Hawaiians on Long Island During Missile Scare

A Terminal High Altitude Area Defense (THAAD) interceptor is launched during the system’s first operational test at the Pacific Missile Range Facility in Kauai, Hawaii on Oct. 5, 2011. The test was conducted by the Ballistic Missile Defense System Operational Test Agency with the support of the U.S. Missile Defense Agency. During the test the THAAD system engaged and simultaneously intercepted two ballistic missile targets.

While Hawaiians were misled to believe they faced certain death following an erroneous missile alert over the weekend, one family from the Pacific archipelago were reportedly on Long Island at the time.

Justin and his mother, Jacky, were in Plainview visiting family for a wedding when Justin got a call back home from his wife, who said that she received an alert on her cell phone that there was a ballistic missile inbound to Hawaii, WNYW-TV reported.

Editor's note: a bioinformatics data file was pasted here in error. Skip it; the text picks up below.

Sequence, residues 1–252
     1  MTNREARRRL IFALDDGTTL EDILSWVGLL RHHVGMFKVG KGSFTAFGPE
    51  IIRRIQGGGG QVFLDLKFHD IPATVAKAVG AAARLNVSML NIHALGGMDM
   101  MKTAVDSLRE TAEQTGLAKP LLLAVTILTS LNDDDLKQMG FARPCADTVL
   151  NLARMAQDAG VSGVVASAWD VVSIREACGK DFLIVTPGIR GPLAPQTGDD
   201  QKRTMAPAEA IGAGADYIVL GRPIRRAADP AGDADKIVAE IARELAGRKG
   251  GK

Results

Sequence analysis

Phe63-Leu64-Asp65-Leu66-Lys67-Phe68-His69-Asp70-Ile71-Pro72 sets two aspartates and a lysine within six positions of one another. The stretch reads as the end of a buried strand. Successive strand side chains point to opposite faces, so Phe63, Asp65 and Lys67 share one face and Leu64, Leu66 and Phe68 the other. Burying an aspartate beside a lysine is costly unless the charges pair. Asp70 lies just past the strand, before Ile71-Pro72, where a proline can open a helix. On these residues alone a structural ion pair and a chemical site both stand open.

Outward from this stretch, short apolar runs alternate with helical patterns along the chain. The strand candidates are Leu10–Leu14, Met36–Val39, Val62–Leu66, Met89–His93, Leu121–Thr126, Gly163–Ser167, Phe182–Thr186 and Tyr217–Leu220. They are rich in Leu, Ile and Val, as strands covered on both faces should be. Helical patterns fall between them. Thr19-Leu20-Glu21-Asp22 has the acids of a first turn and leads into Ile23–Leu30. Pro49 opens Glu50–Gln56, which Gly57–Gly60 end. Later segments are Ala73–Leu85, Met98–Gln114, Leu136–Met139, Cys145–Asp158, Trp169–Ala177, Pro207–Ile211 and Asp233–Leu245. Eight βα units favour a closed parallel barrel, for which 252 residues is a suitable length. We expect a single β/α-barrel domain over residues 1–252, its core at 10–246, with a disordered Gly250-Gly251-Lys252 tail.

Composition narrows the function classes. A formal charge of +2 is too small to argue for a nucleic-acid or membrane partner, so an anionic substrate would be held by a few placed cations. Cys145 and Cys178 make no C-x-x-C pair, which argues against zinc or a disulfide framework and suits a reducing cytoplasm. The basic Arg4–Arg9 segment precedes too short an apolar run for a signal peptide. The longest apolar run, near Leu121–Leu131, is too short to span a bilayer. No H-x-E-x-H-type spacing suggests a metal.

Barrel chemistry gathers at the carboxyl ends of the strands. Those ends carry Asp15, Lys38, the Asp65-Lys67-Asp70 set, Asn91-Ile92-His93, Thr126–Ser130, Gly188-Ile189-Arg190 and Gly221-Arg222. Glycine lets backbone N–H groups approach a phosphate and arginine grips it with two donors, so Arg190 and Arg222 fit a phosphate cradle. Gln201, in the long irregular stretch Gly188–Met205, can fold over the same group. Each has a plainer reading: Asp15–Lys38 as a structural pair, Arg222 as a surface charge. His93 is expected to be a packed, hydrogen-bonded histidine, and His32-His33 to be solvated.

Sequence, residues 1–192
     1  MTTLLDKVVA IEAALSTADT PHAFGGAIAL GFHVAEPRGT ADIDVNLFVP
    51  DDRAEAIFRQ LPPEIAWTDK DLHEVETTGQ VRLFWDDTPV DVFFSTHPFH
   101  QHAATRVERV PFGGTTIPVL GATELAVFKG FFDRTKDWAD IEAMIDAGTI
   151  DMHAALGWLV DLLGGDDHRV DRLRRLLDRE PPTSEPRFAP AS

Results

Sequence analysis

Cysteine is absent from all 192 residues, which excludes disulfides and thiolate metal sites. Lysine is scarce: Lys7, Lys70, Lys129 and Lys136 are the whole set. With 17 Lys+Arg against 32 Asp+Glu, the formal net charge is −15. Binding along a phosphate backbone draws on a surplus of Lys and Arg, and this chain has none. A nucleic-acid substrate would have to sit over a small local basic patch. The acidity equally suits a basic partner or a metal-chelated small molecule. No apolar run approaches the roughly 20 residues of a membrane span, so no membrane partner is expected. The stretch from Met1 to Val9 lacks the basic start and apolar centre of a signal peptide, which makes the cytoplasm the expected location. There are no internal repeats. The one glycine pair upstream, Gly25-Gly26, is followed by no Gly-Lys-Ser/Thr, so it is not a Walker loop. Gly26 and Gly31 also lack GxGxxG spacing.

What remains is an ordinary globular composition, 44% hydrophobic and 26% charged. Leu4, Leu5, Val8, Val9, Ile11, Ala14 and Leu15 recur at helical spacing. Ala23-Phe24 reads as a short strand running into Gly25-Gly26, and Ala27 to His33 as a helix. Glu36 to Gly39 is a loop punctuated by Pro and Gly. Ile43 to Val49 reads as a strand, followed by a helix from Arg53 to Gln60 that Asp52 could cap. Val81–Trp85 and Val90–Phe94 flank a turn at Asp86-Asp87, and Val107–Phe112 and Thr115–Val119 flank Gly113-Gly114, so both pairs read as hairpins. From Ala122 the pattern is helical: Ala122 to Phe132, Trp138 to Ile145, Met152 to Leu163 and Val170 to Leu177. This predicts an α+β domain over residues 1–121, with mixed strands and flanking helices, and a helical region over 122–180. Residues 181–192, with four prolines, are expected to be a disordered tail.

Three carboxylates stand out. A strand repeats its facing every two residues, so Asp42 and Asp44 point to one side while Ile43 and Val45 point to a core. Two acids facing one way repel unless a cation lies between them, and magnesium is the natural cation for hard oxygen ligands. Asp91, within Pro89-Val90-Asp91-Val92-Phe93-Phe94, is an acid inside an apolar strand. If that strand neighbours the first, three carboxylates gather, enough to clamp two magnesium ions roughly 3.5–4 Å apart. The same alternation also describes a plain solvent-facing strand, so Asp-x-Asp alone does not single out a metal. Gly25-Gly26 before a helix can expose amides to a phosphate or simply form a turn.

“Total panic and helplessness,” is what Jacky told Fox 5 NY she felt when she thought she’d never see her grandchildren again before learning that the missile alert was an error.

The alert triggered panic in the streets of paradise as Hawaiian residents sought shelter and sent desperate messages to loved ones for about a half hour Saturday before another alert went out indicating that the threat warning was a mistake.

“Seek immediate shelter,” the erroneous message warned. “This is not a drill.”

But, as it turned out, it was a drill. And the unnamed government official who mistakenly sent the emergency alert was temporarily reassigned pending the results of an investigation.

The mishap comes amid heightened tensions between the US and North Korea, whose dictator has been ratcheting up rhetoric threatening America with nuclear intercontinental ballistic missile strikes.